Village account says there is the outline of a human foot with five toes to be seen on one side of the stone while the footprint of an elephant adorns another. These features are not straightforward to see but are easy enough to be heard of.
So it was that, armed with curiosity and a few photographs, I made my way at a later date to another place where rocks might belong – the Bangladesh National Museum in Dhaka. There, I heard from Dr. Niru Shamsunnahar, expert in the history of terracotta in Bangladesh and helpful Deputy Keeper of the Public Education Department that it might be worthwhile to consult the Bangladesh District Gazetteer for Noakhali, of which Feni was a part in 1977 when the book was written, for further information about the stone.
Similarly I heard from Afroza Khan Mita, the Assistant Director of the Department of Archaeology, that the Shilua site was a protected archaeological site in Bangladesh and that more information could be found in AKM Zakaria's 1984 book Bangladesher Pratnasampad (Bangladesh's Artefacts).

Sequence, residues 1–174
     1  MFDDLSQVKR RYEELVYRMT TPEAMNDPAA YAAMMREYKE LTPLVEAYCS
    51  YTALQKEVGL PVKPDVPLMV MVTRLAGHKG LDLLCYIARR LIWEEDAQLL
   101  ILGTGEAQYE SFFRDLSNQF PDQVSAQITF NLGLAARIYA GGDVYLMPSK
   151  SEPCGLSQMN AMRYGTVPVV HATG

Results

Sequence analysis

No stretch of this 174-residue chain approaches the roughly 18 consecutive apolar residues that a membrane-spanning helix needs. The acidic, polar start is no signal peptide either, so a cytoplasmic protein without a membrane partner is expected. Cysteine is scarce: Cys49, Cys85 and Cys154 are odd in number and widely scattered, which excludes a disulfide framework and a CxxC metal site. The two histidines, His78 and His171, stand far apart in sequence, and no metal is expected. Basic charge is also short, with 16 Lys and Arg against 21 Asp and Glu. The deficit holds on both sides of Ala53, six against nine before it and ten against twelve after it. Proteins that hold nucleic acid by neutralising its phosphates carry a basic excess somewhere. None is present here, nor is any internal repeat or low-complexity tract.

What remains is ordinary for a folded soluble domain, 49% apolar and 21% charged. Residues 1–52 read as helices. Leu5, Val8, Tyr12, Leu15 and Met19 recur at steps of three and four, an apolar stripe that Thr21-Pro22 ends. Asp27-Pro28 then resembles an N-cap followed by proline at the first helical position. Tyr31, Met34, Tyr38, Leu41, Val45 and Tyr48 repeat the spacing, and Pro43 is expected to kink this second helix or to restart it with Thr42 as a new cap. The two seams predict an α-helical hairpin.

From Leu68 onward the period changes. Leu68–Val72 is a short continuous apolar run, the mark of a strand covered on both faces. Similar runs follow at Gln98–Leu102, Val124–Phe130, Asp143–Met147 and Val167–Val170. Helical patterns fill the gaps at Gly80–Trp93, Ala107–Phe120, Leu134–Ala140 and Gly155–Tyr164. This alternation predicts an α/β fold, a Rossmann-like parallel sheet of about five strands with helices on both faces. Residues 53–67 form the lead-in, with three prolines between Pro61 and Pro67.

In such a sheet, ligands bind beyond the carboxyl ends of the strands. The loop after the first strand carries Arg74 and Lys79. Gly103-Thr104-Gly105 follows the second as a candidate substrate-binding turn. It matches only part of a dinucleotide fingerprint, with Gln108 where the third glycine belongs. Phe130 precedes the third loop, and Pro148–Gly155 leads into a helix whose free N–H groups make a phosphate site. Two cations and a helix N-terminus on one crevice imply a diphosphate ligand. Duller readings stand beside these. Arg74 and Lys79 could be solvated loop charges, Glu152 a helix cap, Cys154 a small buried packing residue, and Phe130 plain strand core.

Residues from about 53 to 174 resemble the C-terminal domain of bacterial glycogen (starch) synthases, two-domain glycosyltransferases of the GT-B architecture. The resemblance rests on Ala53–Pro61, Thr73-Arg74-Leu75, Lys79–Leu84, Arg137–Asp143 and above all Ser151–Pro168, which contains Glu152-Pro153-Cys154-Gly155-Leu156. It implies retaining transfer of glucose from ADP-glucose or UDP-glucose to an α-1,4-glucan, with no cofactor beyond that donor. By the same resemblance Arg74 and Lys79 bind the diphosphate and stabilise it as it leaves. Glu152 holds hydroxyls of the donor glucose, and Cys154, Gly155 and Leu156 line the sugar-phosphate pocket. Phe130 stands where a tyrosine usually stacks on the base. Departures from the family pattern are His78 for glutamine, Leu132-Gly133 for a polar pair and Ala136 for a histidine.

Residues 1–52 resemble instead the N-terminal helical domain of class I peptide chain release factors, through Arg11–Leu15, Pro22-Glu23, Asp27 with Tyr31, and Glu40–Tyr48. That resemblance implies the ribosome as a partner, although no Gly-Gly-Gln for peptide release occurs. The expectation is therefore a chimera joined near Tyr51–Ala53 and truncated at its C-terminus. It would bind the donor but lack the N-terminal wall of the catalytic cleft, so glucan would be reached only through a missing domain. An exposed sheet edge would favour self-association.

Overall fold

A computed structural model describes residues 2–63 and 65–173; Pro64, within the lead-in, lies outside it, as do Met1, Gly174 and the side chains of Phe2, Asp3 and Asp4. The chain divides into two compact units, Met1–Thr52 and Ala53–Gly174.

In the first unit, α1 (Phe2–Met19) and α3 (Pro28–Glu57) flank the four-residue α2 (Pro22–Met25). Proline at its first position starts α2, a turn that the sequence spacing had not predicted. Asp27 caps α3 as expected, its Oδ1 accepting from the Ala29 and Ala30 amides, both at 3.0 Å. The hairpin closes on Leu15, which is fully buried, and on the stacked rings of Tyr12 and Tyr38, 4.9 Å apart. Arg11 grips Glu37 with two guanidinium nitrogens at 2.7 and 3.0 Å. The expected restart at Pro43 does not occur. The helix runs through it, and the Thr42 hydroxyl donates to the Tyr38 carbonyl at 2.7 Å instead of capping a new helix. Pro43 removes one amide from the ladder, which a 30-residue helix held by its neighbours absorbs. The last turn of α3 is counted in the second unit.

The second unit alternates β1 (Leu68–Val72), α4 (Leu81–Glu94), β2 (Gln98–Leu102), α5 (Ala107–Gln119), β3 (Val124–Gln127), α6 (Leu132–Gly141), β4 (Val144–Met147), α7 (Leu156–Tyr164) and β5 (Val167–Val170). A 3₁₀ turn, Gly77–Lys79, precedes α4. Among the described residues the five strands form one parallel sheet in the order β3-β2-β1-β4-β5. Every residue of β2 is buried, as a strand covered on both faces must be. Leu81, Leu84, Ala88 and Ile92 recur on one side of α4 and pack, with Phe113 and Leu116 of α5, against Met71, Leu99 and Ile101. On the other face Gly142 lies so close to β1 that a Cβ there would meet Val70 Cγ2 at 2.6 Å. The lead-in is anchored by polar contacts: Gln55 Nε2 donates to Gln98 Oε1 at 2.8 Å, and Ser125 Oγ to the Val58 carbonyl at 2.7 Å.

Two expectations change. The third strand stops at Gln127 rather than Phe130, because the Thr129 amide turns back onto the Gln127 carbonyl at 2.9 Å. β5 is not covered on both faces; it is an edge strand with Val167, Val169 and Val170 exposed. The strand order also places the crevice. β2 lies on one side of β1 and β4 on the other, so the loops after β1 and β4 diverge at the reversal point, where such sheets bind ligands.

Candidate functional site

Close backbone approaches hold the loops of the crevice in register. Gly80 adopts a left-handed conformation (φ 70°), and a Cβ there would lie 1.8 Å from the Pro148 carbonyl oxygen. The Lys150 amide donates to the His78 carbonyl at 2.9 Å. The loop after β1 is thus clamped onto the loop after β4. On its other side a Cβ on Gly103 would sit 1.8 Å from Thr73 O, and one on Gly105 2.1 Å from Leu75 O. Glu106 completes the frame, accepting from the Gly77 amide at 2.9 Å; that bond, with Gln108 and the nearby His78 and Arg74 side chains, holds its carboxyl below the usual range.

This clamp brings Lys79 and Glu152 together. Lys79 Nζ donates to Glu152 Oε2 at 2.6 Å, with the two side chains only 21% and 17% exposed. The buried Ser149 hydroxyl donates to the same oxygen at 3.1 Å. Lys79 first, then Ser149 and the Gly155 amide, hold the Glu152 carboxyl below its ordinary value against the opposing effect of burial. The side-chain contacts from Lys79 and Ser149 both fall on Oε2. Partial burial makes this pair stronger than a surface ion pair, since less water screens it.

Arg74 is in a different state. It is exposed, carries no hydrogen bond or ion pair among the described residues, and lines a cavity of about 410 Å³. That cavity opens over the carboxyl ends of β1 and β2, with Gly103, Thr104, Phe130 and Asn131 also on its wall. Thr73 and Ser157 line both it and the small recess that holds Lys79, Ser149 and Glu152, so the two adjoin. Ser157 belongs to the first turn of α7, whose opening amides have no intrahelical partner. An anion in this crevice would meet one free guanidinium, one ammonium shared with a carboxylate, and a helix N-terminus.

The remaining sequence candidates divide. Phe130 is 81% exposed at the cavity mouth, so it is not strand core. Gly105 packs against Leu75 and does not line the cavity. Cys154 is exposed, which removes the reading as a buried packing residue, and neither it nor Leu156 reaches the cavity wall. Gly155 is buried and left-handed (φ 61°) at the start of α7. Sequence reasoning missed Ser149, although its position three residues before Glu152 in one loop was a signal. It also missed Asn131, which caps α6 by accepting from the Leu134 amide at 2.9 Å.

In these two books it states that at Middle Shilua there is a broken protima, a religious image that is thought to have been colossal in size and is extremely old, dating from the second century BCE. On the pedestal were once inscribed some writings in an obscure language and underneath the stone may be the ruins of a temple, which might only be verified upon excavation.
Interestingly, in neither book did it mention that the Shilua stone was growing. Nor was it specified that the stone wasn't growing. In neither book did it mention the seven elephants or positively negate the possibility of finding seven kings' wealth underneath. Perhaps the researchers for those books hadn't heard these things – maybe they never spoke to Habibullah's Dada.
In the Gazetteer there was, however, a photograph of the rock from the early 1970s and it was certainly of interest to see that in light of the photos I took in recent days.
And yet it might be a mistake to base an understanding of the rock of Middle Shilua on an over-reliance on the eyes. No, being neither villager nor archaeologist I hesitate to state definitively how the two photographs compared in terms of the rock's size – or comment on whether or not it is a living stone – not least because sometimes life is simply more enjoyable if we pay sufficient heed to the things we've heard.